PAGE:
17 Embodied Inference: or I think therefore I am, if I am what I think form would this learning take? It transpires that a gradient descent on free-energy (i.e., changing connections to reduce free-energy) is formally identical to Hebbian plasticity 33,48 (see Fig. 3). This is because the parameters of the generative model determine how expected states (synaptic activity) are mixed to form predictions. Put simply, when the pre-synaptic predictions and post-synaptic prediction-errors are highly correlated, the connection strength increases, so that predictions can suppress prediction errors more efficiently. Fig. 6 shows a simple example of this sort of sensory learning, using an oddball paradigm to elicit repetition suppression. In summary, the formation of cell assemblies reflects the encoding of causal regularities. This is just a restatement of cell assembly theory in the context of a specific implementation (predictive coding) of the free-energy principle. It should be acknowledged that the learning rule in predictive coding is really a delta rule, which rests on Hebbian mechanisms; however, Hebb's wider notions of cell assemblies were formulated from a non-statistical perspective. Modern reformulations suggest that both inference on states (i.e., perception) and inference on parameters (i.e., learning) minimise free-energy (i.e., minimise prediction error) and serve to bound surprising exchanges with the world. So what about synchronisation and the selective enabling of synapses? 2.4 Biased competition and attention To understand what is represented by the modulation of synaptic efficacy or synaptic gain we have to consider a third sort of cause in the environment; namely, the amplitude of random fluctuations. Causal regularities encoded by synaptic efficacy control the deterministic evolution of states in the world. However, stochastic or random fluctuations in these states play an important part in generating sensory data. Their amplitude is usually parameterized as precision (i.e., inverse variance) that encodes the reliability of prediction errors. Precision is important, especially in hierarchical schemes, where it controls the relative influence of bottom-up prediction errors and top-down predictions. So how is precision encoded in the brain? In predictive coding, expected precision modulates the amplitude of prediction errors (these expectations are µ (γ) in Fig. 3), so that prediction errors with high precision have a greater impact on units encoding conditional expectations. This means that precision corresponds to the synaptic gain of prediction error units. The most obvious candidates for controlling gain (and implicitly encoding precision) are classical neuromodulators like dopamine and acetylcholine, which provides a nice link to theories of attention and uncertainty Another candidate is fast synchronised pre-synaptic input that lowers effective post-synaptic membrane time constants and increases synchronous gain 84. This fits comfortably with the correlation theory and speaks to recent ideas about the role of synchronous activity in mediating attentional gain 85,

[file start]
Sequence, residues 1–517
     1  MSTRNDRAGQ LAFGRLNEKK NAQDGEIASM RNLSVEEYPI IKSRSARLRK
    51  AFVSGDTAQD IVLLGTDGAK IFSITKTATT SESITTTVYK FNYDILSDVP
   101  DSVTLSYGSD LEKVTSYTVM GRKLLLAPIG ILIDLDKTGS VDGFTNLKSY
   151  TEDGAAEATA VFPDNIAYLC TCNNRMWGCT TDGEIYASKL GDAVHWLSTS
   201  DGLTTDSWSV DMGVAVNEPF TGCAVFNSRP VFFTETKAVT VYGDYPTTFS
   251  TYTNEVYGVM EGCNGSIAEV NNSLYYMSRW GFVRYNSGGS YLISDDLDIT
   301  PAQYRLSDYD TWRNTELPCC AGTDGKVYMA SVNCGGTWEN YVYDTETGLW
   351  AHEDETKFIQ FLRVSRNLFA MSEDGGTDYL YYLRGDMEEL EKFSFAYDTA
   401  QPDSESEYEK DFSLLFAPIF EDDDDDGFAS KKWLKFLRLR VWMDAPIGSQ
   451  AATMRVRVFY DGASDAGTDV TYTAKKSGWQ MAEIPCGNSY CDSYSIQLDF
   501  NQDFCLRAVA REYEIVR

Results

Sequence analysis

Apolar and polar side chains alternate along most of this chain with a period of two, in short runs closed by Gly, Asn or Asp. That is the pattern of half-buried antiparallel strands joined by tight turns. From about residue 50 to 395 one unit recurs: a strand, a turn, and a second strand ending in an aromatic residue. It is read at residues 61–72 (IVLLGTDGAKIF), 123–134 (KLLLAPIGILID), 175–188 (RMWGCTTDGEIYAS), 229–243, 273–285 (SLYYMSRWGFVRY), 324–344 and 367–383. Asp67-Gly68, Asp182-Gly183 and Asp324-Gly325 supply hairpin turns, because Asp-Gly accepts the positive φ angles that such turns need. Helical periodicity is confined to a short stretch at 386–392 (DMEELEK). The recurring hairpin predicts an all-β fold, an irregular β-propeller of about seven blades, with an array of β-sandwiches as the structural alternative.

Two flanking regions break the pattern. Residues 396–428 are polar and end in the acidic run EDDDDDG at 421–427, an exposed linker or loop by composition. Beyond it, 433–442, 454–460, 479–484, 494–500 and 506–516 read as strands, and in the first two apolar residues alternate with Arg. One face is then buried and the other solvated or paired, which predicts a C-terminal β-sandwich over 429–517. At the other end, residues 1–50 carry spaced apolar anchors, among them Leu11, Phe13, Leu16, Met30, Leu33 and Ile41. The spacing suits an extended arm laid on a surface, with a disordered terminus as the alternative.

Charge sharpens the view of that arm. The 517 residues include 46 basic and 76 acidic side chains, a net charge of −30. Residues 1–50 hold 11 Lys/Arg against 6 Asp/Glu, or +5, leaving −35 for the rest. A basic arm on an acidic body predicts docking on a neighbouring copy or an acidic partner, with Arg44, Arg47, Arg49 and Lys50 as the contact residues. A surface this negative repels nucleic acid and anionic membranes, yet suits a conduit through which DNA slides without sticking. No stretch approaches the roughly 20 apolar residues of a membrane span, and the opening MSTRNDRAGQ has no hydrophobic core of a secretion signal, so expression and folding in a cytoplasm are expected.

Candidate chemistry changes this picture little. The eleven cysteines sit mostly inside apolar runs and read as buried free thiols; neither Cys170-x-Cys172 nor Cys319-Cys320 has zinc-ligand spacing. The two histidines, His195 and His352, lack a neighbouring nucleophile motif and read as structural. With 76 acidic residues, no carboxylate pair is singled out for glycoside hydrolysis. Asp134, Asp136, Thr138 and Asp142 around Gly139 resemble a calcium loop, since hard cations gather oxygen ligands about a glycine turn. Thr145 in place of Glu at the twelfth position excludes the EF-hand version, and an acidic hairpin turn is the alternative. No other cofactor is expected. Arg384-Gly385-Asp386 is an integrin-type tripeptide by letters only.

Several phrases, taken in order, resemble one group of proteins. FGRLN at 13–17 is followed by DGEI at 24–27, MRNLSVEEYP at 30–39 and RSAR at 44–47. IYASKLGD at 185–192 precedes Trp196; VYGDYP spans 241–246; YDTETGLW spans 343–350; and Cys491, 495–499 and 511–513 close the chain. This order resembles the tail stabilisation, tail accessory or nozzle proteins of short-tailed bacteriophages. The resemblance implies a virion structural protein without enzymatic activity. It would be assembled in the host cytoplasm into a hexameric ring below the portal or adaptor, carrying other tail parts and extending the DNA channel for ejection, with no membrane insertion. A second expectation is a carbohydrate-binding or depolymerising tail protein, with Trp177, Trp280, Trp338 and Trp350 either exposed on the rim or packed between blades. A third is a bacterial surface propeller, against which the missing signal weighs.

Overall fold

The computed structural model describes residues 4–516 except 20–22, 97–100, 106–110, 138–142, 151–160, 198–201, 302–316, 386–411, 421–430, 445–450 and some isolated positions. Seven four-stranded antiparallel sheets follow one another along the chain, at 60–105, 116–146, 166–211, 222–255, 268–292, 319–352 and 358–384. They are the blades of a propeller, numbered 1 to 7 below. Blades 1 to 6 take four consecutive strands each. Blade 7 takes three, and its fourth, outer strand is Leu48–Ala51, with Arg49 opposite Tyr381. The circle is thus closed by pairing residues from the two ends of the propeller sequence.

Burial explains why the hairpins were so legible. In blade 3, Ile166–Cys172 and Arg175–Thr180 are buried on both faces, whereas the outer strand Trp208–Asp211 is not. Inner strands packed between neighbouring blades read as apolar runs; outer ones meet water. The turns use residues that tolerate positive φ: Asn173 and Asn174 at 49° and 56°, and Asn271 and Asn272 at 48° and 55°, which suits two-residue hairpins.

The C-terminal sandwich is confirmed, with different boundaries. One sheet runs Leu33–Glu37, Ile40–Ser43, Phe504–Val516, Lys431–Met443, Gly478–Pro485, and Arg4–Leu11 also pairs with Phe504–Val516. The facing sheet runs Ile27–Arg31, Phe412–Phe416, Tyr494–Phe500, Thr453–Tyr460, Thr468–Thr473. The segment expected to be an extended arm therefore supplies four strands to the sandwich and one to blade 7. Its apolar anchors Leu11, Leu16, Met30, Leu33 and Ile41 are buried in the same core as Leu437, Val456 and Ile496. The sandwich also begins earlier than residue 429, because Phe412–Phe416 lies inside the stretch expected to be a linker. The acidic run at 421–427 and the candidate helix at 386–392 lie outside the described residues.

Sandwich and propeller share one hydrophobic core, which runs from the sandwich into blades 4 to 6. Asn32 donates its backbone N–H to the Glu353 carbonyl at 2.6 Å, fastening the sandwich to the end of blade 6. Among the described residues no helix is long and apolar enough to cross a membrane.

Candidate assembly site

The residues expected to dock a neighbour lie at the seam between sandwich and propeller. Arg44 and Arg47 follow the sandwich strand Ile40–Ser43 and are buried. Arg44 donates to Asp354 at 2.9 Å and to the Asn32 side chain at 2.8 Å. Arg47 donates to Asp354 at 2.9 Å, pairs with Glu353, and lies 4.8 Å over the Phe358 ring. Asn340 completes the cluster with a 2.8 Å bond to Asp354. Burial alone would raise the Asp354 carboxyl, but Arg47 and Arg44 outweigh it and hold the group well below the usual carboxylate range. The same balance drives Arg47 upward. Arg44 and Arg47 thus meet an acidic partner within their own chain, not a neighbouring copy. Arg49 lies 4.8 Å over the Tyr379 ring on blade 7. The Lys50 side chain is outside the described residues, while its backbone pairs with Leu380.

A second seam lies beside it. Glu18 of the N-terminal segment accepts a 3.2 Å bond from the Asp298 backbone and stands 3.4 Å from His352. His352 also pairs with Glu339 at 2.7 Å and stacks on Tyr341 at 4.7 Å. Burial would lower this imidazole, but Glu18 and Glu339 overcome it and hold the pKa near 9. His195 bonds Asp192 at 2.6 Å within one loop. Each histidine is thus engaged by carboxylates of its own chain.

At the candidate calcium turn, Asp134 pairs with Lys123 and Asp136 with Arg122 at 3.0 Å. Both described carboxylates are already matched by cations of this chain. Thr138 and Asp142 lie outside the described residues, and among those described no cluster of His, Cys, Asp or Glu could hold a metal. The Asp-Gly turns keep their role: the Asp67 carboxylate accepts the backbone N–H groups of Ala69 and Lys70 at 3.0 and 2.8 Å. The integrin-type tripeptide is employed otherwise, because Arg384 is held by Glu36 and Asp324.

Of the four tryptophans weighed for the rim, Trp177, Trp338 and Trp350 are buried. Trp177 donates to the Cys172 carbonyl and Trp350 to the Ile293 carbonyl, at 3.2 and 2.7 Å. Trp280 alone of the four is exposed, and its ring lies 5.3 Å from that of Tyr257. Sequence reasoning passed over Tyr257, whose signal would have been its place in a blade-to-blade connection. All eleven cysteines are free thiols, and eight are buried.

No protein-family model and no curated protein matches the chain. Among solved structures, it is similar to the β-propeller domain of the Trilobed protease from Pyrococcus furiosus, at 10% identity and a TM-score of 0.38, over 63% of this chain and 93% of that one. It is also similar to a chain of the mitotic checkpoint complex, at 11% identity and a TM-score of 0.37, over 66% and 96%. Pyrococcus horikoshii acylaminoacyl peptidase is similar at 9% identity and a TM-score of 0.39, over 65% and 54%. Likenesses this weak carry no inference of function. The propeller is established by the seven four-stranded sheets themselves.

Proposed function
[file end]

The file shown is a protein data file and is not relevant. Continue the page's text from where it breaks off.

18 106 K. Friston In summary, the optimisation of expected precision in terms of synaptic gain links attention and uncertainty in perception (through balancing top-down and bottom-up effects on inference) to synaptic gain and synchronisation. This link is central to theories of attentional gain and biased competition 86-91, particularly in the context of neuromodulation 92,93. Clearly, these arguments are heuristic but show how different perspectives can be linked by examining mechanistic theories of neuronal dynamics and plasticity under a unifying framework. Fig. 7 provides a summary of the various neuronal processes that may correspond to optimising conditional expectations about states, parameters and precisions; namely, optimising synaptic activity, efficacy and gain respectively. In cognitive terms, these processes map nicely onto perceptual inference, learning and attention. The theories considered so far have dealt only with perception. However, from the point of view of the free-energy principle, perception just makes free-energy a good proxy for surprise. To actually reduce surprise we need to act. In the next section, we retain a focus on cell assemblies but move to the selection and reinforcement of stimulus-response links. 2.5 Neural Darwinism and value-learning In the theory of neuronal group selection 94, the emergence of neuronal assemblies or groups is considered in the light of selective pressure. The theory has four elements: Epigenetic mechanisms create a primary repertoire of neuronal connections, which are refined by experience-dependent plasticity to produce a secondary repertoire of neuronal groups. These are selected and maintained through reentrant signalling (the recursive exchange of signals among neuronal groups). As in cell assembly theory, plasticity rests on correlated pre and post-synaptic activity but here it is modulated by value. Value is signalled by ascending neuromodulatory transmitter systems and controls which neuronal groups are selected and which are not. The beauty of neural Darwinism is that it nests selective processes within each other. In other words, it eschews a single unit of selection and exploits the notion of meta-selection (the selection of selective mechanisms; e.g. ref [95]). In this context, value confers adaptive fitness by selecting neuronal groups that meditate adaptive stimulusstimulus associations and stimulus-response links. The capacity of value to do this is assured by natural selection; in the sense that neuronal systems reporting value are themselves subject to selective pressure. This theory, particularly value-dependent learning 96, has deep connections with reinforcement learning and related approaches in engineering such as dynamic programming and temporal difference models 97,98 (see below). This is because neuronal systems detecting valuable states reinforce connections to themselves, thereby enabling the brain to label a sensory state as valuable iff it leads to another valuable